- World's End Harem: Fantasia: Once Arc gains the power of Macht, any woman who consumes his blood becomes unable to live without consuming his fluids (sweat, saliva, blood, and semen all work equally well). Lati took it upon herself to kidnap the first couple of women and infuse them without even Arc's consent, to demonstrate how the power worked. After incidents with Wenna and Cassia,note Arc has a Heel Realization about the whole thing and starts making sure that anyone else he infuses with Macht is fully informed of the consequences and benefits beforehand and explicitly consents.
- Paladin of Shadows: By the third book in series, Mike has become an the head of a Keldara clan, which gives him prima nocta privileges. (It's implied that several women in the tribe have no problem with this.) Also, when their mission sends them against sex slavers and human traffickers, the "good guys" have no qualms about "liberating" women, then paying a wad of cash for them to service Mike and his team.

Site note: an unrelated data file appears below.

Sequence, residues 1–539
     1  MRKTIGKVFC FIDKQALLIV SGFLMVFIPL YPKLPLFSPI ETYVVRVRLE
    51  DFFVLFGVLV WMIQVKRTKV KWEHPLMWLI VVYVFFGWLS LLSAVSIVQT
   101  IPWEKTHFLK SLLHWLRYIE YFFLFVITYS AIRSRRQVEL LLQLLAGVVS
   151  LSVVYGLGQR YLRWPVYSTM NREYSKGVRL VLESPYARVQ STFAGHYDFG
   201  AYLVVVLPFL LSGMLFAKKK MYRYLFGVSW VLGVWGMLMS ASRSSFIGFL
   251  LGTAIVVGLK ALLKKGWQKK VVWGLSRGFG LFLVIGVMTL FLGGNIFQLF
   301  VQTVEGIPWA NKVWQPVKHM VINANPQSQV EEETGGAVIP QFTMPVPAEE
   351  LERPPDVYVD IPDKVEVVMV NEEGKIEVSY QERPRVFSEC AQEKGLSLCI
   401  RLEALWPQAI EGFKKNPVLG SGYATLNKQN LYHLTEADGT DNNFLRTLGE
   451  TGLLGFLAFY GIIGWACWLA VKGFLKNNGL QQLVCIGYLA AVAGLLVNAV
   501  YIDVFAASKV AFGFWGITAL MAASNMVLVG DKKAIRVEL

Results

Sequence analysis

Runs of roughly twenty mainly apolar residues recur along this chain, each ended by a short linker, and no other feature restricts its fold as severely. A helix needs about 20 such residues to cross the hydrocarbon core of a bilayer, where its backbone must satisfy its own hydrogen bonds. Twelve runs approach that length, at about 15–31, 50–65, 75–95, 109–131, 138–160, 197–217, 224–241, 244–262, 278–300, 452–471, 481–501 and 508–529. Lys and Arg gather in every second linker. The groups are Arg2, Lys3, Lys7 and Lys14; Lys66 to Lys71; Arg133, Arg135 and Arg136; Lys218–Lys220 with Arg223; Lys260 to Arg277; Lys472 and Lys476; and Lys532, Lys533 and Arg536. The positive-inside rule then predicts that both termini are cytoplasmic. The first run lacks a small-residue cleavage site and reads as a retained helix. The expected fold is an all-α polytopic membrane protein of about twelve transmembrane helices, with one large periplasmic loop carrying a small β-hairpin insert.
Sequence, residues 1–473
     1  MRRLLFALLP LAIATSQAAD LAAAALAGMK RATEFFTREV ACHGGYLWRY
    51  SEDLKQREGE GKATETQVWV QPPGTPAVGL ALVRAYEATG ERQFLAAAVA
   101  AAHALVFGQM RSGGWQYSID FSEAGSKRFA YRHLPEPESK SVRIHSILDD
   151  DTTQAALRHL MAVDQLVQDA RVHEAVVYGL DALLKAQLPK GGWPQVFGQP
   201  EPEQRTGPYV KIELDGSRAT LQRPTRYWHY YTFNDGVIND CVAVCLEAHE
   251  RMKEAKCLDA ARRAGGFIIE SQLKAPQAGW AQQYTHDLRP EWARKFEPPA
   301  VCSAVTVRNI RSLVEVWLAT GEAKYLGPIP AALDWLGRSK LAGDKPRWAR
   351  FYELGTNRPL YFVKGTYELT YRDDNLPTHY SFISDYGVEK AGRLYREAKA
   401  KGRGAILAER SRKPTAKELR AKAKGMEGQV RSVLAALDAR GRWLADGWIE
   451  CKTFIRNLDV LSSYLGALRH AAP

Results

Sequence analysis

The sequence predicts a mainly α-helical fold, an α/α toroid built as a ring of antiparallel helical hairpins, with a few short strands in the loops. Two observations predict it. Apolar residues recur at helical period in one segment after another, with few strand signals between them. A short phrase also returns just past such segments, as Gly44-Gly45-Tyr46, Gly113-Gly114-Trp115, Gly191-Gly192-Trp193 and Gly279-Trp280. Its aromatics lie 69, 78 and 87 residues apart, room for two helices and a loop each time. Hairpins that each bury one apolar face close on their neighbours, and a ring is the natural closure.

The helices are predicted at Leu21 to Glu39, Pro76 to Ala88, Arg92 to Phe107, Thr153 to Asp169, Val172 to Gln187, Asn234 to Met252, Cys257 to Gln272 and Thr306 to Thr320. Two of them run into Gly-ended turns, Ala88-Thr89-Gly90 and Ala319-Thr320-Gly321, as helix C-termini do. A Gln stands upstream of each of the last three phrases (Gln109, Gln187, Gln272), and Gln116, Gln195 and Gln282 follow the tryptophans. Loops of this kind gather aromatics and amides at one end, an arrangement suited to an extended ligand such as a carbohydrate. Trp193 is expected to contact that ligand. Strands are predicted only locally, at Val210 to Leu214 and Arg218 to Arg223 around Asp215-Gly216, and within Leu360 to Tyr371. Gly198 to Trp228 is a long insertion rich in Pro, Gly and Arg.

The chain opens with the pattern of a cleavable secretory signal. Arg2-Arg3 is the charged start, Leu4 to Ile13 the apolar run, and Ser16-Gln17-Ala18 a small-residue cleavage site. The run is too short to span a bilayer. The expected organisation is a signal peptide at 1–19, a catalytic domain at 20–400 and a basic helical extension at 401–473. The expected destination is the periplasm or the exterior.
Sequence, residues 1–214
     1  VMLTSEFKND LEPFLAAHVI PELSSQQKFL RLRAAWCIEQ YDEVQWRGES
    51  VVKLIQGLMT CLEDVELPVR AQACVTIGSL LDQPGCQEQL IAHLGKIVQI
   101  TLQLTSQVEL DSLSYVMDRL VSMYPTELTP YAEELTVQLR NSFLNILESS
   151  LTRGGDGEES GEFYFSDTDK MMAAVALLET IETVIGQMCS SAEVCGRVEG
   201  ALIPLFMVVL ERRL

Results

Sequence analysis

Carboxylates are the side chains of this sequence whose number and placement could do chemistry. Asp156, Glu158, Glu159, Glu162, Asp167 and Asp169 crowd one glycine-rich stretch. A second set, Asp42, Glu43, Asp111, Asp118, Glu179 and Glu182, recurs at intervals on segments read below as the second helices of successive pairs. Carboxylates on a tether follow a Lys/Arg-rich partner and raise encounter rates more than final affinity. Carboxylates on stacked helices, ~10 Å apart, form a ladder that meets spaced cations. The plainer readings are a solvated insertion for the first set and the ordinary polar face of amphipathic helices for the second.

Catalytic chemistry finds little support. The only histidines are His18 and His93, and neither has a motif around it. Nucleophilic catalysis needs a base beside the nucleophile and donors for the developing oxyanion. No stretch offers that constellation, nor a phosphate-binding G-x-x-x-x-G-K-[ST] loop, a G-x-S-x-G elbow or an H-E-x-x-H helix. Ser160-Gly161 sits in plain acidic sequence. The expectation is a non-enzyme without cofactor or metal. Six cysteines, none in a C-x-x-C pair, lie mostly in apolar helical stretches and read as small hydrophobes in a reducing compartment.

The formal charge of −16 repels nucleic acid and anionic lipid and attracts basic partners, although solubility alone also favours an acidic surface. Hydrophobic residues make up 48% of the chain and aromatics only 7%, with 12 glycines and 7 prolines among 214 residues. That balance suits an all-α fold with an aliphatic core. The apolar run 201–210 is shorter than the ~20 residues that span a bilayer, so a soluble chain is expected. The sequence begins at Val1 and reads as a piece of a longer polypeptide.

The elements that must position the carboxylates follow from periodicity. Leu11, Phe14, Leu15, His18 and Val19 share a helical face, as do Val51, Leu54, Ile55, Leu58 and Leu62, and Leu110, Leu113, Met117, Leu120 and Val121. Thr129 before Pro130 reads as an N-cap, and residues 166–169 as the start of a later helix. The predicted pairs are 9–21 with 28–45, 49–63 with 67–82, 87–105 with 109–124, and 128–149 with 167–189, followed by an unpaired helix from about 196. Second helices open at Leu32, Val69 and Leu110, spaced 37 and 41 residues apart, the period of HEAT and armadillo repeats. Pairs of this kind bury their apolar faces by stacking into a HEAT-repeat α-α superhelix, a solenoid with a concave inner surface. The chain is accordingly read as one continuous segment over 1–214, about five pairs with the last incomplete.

- As the famous LiveJournal review points out, Mike employs sex workers for a lot of tasks: as translators, infiltrators, assasins, etc, but he always winds up acquiring an entire harem of barely-legal women for sex.
- The Tough Guide to Fantasyland: When it talks about "Slaves, Female" of the Royal Harem type:
"Beautiful young women. You will find these in droves in the FANATIC CALIPHATES and sometimes in the PALACES of bad KINGS. Their duties are light and pleasant and are: looking beautiful, bathing and massaging visitors, singing and dancing, and, for male Tourists, providing company in bed. None of them seem unhappy in their work and they show no desire to escape. [...] Often male Tourists will sympathize with the plight of such Slaves, nobly reject their offer of free, no-holds-barred SEX, insist on assisting them to escape from the exploitative tyranny under which they have been existing, and then, having obviously done them a Good Turn, have free, no-holds-barred Sex before stranding them in the middle of nowhere to make their way thousands of miles back to their own COUNTRY."